Really good sci-fi horror flicks don't come along too often. Pandorum may be burdened with the unfair stigma of "not screened in advance for the press" (at least in my area), but it proves to be a superior picture, expertly establishing and maintaining a charged atmosphere of unhinged ferocity.
Director Christian Alvart displays an assured grasp of visual storytelling and provides a solid framework for Ben Foster and Dennis Quaid to let loose with intense, uninhibited performances. Four years ago, Alvart made the powerful Antibodies, a haunting serial killer movie that neatly subverted expectations, and he has delivered another impressive genre-buster. He even made me sit on the edge of my seat a few times, an inclination which I nearly always resist.
Foster and Quaid are apparently the first two members of their mission team to awaken from hyper-sleep on the spaceship Elysium. They're both badly disoriented; hyper-sleep is supposed to induce brief memory loss, but they look like they've journeyed through all nine circles of suffering in Dante's Inferno, which might feel like a picnic in the park compared to their situation.
The ship appears abandoned; no one is present to greet them, the power has been shut down, and they're locked in a chamber with impregnable metal doors. They can barely remember their names, much less their mission or even their own qualifications. Just wait until they find out they're not alone. And whatever is out there is very fast, very ugly, and very hungry.
What comes back first is probably what was sounded down the deepest: respect for the chain of command. Corporal Bower (Foster) listens to orders from Lieutenant Payton (Quaid) and obediently clambers into a pitch-black air duct to try and find a way out. The air duct is tight; a sense of claustrophobia emanates from the screen as Bower takes more and more turns into darkness, getting more and more frustrated as he goes deeper into ... what? He doesn't know.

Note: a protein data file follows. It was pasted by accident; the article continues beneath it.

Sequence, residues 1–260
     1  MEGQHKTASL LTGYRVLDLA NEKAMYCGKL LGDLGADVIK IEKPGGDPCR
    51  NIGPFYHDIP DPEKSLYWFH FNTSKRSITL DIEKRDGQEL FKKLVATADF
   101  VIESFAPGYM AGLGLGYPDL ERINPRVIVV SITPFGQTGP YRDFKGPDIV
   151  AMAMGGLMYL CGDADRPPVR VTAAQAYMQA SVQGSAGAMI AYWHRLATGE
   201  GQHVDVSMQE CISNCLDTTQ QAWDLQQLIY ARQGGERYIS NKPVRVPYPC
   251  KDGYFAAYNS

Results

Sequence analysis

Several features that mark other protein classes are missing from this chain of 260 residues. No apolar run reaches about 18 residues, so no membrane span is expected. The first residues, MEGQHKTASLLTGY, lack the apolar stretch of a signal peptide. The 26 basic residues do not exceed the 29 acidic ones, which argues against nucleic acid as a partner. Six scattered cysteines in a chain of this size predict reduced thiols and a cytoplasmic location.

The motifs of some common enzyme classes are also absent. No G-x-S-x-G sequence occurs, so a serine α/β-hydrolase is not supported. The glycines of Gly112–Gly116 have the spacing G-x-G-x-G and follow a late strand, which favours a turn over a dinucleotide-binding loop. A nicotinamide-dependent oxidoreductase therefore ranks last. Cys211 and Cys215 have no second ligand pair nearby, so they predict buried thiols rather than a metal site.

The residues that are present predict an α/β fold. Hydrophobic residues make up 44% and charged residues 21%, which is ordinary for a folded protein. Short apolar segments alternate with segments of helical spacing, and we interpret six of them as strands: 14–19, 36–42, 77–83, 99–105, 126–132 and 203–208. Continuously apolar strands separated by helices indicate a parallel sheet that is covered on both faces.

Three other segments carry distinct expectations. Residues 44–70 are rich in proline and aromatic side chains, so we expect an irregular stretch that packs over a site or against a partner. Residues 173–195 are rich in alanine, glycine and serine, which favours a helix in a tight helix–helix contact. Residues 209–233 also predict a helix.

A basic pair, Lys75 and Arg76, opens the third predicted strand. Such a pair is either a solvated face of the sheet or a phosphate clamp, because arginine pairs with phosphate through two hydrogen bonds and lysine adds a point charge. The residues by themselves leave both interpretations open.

Sitting safely in the locked chamber, where his slowly-returning memory has allowed him to kick-start emergency lights and computer systems by hand, Payton calmly exercises his leadership. The tension builds and builds, and then releases, and then Bower makes a startling discovery, which leads to the disturbing revelation that some thing or things are skittering around the ship, striking first and never asking questions.
Did I mention they're fast? Whatever they are, they're lightning-quick, so blurry / speedy that they make the zombies in Danny Boyle's 28 Days Later and the subterranean creatures in Neil Marshall's The Descent look like slowpokes. "Running is always the best option," someone will say later, and Bower wisely exercises that option, narrowly escaping a bloody demise at the hands of ravenous things.
Eventually Bower and Payton will meet up with other survivors, whose number includes Nadia (Antje Traue), my new favorite blood-spattered, kick-ass heroine), Manh (Cung Le), whose character name I never clearly heard, and Gallo (Cam Gigandet), a soldier with a mission of his own to fulfill. Bower and Payton remain separated for much of the story, only occasionally intersecting, allowing disparate strands of the narrative to comment on one another.